The last 12 months have seen actors in each of these areas operating with a degree of sophistication. In some cases the malware "tools" that are deployed are common across the actors, in other cases the malware is highly specialised and tuned to the task in hand.

Who is creating it? It is not possible to determine absolutely but the indicators are clear that malware today is being written by talented software professionals. Geographic indicators point to Eastern Europe, and Asia.

3.  What level of resources are associated with combating malware?

Malware consumes an enormous amount of resources and has a significant economic impact. According to Gartner Group—IT Security spend represents around 5% of total IT spend within enterprises. This, on average, translates to an investment level of around $525 per employee per-annum. This doesn't take any account of the business impact of malware and/or associated downtime.

It is worth noting that there is an asymmetry between the number of threat actors and those combatting their actions. The fight against malware can be likened to a guerrilla war, where a relatively small number of combatants can cause havoc for a much larger and organised adversary.

4.  What is the cost of malware to individuals and how effective is the industry in providing protection to computer users?

For individuals, the costs range from buying anti-virus and anti-spyware programs, (along with the associated annual subscription fees), to the time and money involved in trying to recover from an infection, possibly having their bank account hacked and their credit card details and identity stolen.

The industry is moderately effective in providing protection:

(a)  Desktop anti-virus/anti-malware solutions are a necessary and important protective control however they are not 100% effective. It is unfortunate as this remains the sole technical control deployed by the average consumer this leaves individuals in a vulnerable state.

(b)  Software vendors provide patches, software update services to allow individuals to address vulnerabilities. Software vendors have a duty-of-care to their customers to improve testing and reduce the number of vulnerabilities in their software.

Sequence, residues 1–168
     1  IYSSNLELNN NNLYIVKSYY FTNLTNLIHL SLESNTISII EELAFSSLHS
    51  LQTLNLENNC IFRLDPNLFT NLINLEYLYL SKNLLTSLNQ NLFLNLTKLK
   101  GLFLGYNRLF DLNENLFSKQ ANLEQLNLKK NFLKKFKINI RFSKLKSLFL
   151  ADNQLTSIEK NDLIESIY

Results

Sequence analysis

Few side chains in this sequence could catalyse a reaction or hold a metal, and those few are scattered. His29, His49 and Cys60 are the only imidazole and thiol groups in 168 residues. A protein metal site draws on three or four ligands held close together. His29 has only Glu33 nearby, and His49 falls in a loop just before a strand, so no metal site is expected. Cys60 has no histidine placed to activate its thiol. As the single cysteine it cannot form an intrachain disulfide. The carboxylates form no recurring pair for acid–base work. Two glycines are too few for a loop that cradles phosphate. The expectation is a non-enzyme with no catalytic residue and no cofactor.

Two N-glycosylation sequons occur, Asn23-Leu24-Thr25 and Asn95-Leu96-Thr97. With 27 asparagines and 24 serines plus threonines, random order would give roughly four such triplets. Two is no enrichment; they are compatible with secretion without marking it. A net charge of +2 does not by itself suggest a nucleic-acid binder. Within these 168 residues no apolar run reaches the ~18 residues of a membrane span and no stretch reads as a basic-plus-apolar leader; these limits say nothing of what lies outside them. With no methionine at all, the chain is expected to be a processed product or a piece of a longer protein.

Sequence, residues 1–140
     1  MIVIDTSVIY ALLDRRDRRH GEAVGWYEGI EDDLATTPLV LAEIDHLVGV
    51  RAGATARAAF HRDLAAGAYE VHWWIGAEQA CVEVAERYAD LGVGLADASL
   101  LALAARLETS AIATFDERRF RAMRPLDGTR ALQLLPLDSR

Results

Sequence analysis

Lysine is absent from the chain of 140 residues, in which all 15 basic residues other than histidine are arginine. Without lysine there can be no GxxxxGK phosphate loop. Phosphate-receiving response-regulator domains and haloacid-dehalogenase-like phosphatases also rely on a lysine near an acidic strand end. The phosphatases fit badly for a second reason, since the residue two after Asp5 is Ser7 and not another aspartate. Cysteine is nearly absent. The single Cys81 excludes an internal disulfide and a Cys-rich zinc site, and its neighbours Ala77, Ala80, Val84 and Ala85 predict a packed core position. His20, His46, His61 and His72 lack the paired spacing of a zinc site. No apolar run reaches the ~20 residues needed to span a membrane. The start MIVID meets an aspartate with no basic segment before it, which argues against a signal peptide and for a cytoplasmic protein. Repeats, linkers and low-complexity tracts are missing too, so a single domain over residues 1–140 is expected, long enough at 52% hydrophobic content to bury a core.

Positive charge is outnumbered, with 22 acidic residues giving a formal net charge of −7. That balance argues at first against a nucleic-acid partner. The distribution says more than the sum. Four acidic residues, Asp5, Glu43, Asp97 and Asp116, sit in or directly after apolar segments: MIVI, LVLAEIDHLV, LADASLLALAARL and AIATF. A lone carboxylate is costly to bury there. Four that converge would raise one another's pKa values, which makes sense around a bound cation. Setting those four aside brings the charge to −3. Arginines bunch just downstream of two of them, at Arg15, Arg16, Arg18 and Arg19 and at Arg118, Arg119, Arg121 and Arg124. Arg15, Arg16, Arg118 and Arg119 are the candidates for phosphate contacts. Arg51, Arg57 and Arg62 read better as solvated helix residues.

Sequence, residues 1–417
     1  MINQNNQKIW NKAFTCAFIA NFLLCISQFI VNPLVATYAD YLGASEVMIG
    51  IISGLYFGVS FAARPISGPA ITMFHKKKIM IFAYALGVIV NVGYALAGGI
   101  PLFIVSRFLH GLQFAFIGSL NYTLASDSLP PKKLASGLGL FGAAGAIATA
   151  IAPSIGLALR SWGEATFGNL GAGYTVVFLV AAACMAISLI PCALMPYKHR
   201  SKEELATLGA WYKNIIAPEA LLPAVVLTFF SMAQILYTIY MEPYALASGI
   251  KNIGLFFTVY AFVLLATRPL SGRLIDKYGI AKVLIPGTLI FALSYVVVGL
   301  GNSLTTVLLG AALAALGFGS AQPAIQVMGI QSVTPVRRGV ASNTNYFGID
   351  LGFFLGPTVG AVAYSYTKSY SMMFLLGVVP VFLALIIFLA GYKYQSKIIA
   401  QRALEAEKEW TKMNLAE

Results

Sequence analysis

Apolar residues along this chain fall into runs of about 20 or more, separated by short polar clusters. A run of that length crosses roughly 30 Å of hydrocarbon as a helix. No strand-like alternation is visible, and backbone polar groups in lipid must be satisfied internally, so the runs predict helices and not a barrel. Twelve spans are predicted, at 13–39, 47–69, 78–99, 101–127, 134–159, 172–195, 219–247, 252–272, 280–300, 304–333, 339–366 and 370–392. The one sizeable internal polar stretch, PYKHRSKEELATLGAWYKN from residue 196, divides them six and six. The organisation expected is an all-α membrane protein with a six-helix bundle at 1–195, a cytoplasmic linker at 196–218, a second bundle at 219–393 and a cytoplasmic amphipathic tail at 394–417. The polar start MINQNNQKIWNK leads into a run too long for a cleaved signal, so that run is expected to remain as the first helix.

It should be noted that at an individual level, infections are rarely reported to the authorities and the police have little way of understanding the scale or impact of such crime.

5.  Should the Government have a responsibility to deal with the spread of malware in a similar way to human disease?

Given the nature of society I don't think there are mechanisms which would allow the government to participate directly in combatting the spread of malware.

It's likely any government which embarks on direct action would have to define "what ismalware" and "what is not malware". This would be better done at international level so that countries can more easily work together on cybersecurity. Another consequence of Government action would be a need to balance fighting malware with privacy concerns and civil rights.

6.  How effective is the Government in co-ordinating a response to cyber-crime that uses malware?

The Government is not effective today in co-ordinating response to cyber-crime using malware.

CESG (Communications-Electronics Security Group, GCHQ) & CPNI (Centre for the Protection of National Infrastructure) do communicate around such issues, however their communications are directed at a small community (eg CESG Listed Advisers) and often there are restrictions on whether such intelligence can be forwarded out of the community.

Government should focus efforts on identifying and prosecuting those involved in cybercrime. Industry should focus on improving preventative and detective controls relating to the spread of malware. Government and industry should work together to share information to increase effectiveness against malware in general.

It should also be remembered that overall security needs to be maintained. Some cyber attacks originate because of a lack of security in the physical world with people revealing passwords or disclosing too much data to unknown people.

7 September 2011

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© Parliamentary copyright 2012
Prepared 2 February 2012